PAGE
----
5. AcademyHealth Fall Seminars on Research Methods Set for November 4-6
AcademyHealth, formerly the Academy for Health Services Research and Health Policy (AHSRHP), will present its fall seminars in health services research methods November 4-6 at the Westin Grand in Washington, DC. AHRQ will be sponsoring 1-day sessions on HCUP (November 5) and on MEPS (November 6).
6. Do You Know How AHRQ's Research Is Being Used?
We are always looking for ways in which AHRQ-funded research, products, and tools have changed peoples' lives, influenced clinical practice, improved policies, and affected patient outcomes. Impact case studies describe AHRQ research findings in action. These case studies have been used in testimony, budget documents, and speeches. We would like to know if you are aware of any impact your research has had on health care policy, clinical practice, or patient outcomes. Contact AHRQ's Impact Case Studies Program at (301) 427-1243 with your impact stories.
7. Highlights From the Most Recent Edition of Our Monthly Newsletter
The new issue of the Research Activities is in the mail. The key articles are:
- Implantable defibrillators reduce cardiac deaths and are as cost effective as many generally accepted therapies.
- Value of prostate cancer screening may lie in the reassurance it can provide.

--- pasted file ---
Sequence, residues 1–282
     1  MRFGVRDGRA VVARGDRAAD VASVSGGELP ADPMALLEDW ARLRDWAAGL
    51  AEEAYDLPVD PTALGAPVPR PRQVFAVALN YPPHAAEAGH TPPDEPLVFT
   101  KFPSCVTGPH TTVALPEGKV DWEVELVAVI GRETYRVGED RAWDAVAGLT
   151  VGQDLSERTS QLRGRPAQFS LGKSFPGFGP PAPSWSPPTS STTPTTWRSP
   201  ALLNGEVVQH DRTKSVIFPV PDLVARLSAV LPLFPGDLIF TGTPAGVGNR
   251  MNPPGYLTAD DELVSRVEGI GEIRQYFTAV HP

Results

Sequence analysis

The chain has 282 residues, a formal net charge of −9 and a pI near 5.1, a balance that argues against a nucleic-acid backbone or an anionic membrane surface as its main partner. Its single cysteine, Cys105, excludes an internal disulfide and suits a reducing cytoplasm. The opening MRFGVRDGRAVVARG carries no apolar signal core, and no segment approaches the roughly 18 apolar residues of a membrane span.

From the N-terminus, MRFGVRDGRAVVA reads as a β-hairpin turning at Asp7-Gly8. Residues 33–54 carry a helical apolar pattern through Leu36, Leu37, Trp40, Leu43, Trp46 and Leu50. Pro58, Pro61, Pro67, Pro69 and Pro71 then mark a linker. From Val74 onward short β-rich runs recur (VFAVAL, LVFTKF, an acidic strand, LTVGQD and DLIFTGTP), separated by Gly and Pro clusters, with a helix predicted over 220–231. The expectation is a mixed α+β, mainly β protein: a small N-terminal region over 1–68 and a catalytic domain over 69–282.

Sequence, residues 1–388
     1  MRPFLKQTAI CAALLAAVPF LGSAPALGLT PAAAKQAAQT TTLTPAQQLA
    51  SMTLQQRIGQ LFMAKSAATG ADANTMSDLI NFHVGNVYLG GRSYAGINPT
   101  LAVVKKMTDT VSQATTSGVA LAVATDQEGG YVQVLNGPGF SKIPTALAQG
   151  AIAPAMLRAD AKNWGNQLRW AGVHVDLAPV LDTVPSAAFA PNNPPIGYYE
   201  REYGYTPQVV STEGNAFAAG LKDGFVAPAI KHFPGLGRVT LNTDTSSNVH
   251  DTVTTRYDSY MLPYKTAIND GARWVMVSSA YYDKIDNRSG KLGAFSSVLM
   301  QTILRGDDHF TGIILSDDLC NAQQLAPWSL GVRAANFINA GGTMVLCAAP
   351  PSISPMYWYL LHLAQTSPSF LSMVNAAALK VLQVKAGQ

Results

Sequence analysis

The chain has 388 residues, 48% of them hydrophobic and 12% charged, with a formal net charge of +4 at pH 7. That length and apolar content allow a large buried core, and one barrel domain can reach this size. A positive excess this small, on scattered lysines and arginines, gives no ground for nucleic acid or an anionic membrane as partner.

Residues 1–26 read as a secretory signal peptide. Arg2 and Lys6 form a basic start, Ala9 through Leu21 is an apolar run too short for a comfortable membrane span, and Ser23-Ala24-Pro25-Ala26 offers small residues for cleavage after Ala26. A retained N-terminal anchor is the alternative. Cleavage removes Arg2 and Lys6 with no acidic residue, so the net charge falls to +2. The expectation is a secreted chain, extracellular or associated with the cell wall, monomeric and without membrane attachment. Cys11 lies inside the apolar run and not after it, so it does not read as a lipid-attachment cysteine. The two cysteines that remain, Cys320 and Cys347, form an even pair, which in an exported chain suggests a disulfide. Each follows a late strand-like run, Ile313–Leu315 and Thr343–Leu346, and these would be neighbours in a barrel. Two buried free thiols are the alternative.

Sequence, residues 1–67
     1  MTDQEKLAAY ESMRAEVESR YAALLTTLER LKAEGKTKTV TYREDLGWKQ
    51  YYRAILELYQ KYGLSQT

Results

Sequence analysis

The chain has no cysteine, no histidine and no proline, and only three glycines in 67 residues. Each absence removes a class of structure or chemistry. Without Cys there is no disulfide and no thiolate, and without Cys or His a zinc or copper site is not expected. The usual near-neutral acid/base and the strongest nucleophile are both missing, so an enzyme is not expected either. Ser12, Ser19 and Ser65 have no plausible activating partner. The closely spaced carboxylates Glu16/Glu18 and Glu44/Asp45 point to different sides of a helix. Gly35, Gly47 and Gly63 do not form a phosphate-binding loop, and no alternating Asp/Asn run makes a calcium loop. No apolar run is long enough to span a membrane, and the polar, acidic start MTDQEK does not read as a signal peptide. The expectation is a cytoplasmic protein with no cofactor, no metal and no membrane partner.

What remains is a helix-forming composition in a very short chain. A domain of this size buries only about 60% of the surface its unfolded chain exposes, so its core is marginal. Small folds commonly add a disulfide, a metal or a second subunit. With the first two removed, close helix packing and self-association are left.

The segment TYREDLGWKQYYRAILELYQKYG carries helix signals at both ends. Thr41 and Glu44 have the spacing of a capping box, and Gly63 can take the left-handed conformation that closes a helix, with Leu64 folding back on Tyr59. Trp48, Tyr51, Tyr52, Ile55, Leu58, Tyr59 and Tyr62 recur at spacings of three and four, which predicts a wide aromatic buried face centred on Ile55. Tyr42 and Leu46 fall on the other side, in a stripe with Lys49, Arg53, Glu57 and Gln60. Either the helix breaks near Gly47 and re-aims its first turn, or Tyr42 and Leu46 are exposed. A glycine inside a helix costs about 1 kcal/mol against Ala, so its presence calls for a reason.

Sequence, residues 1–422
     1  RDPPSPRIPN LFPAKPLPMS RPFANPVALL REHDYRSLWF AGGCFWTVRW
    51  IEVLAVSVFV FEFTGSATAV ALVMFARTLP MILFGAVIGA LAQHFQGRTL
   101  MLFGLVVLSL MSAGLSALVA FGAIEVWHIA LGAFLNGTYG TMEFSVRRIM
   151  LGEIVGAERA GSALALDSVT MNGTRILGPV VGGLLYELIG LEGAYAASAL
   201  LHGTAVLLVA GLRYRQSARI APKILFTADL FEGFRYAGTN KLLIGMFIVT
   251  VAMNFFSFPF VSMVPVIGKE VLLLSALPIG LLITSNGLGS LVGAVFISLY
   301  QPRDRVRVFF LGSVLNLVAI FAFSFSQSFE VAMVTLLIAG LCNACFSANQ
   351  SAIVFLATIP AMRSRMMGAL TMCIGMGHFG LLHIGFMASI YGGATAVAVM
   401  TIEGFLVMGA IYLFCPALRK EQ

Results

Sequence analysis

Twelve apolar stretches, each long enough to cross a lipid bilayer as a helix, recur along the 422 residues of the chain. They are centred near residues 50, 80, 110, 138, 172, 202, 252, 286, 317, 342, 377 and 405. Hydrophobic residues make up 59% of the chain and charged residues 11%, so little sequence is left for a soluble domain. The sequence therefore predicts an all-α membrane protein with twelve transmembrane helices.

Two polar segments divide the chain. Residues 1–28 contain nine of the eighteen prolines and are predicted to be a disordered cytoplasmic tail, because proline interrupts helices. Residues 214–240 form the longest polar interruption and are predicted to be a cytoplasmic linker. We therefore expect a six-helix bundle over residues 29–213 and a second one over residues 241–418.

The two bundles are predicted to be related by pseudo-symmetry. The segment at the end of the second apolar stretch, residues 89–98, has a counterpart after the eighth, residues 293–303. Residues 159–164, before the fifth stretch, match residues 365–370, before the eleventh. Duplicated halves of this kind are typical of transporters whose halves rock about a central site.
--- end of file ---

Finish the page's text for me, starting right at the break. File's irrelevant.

- Newer antidepressant drugs are prescribed more often than other medications for patients hospitalized for depression.
- Health care costs for children with attention deficit/hyperactivity disorder are comparable to costs for asthma care.
- Use of three factors at care crash sites can help EMTs quickly triage seriously injured children.
Select to read these articles and others.
8. AHRQ in the Professional Literature
We are providing the following hyperlinks to journal abstracts through PubMed® for your convenience. Unfortunately, some of you may not be able to access the abstracts because of firewalls or specific settings on your individual computer systems. If you are having problems, you should ask your technical support staff for possible remedies.
Buchanan RJ. Medicaid managed care and coverage of prescription medications. Am J Public Health 2002 Aug; 92(8):1238-43. Select to access the abstract on Pubmed®.
Langfitt J, Wiebe S. Cost-effectiveness of epilepsy therapy: how should treatment effects be measured? Epilepsia 2002; 43 Suppl 4:7-24. Select to access the abstract on Pubmed®.
Sweat SD, Bergstralh EJ, Slezak J, et al. Competing risk analysis after radical prostatectomy for clinically nonmetastatic prostate adenocardinoma according to clinical Gleason score and patient age. J Urol 2002 Aug; 168(2):525-9. Select to access the abstract on Pubmed®.
Shojania KG, Duncan BW, McDonald KM, Wachter RM. Safe but sound: patient safety meets evidence-based medicine. JAMA 2002 Jul 24-31; 288(4):508-13. Select to access the abstract on Pubmed®.
Leape LL, Berwick DM, Bates DW. What practices will most improve safety? Evidence-based medicine meets patient safety. JAMA 2002 Jul 24-31; 288(4):501-7. Select to access the abstract on Pubmed®.
Brach C, Fraser I. Reducing disparities through culturally competent health care: an analysis of the business case. Qual Manag Health Care 2002 Summer; 10(4):15-28. A print copy is available by sending an E-mail to AHRQPubs@ahrq.hhs.gov
Please address comments and questions regarding the AHRQ Electronic Newsletter to Nancy Comfort at Nancy.Comfort@ahrq.hhs.gov or (301) 427-1866.
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Current as of September 2002